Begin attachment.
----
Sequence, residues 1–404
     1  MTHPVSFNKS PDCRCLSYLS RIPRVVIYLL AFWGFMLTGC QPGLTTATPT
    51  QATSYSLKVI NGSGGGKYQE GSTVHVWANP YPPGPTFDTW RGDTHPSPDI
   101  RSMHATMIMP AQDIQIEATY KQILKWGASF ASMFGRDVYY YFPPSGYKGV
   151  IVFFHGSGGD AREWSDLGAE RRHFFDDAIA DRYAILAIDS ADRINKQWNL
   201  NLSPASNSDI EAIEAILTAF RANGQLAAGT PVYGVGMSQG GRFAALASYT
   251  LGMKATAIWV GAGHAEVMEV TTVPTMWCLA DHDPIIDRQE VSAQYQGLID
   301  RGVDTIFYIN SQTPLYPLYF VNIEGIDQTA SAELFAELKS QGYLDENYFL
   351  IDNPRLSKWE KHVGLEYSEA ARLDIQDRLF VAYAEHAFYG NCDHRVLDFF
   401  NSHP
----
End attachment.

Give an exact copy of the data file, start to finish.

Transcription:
Sequence, residues 1–404
     1  MTHPVSFNKS PDCRCLSYLS RIPRVVIYLL AFWGFMLTGC QPGLTTATPT
    51  QATSYSLKVI NGSGGGKYQE GSTVHVWANP YPPGPTFDTW RGDTHPSPDI
   101  RSMHATMIMP AQDIQIEATY KQILKWGASF ASMFGRDVYY YFPPSGYKGV
   151  IVFFHGSGGD AREWSDLGAE RRHFFDDAIA DRYAILAIDS ADRINKQWNL
   201  NLSPASNSDI EAIEAILTAF RANGQLAAGT PVYGVGMSQG GRFAALASYT
   251  LGMKATAIWV GAGHAEVMEV TTVPTMWCLA DHDPIIDRQE VSAQYQGLID
   301  RGVDTIFYIN SQTPLYPLYF VNIEGIDQTA SAELFAELKS QGYLDENYFL
   351  IDNPRLSKWE KHVGLEYSEA ARLDIQDRLF VAYAEHAFYG NCDHRVLDFF
   401  NSHP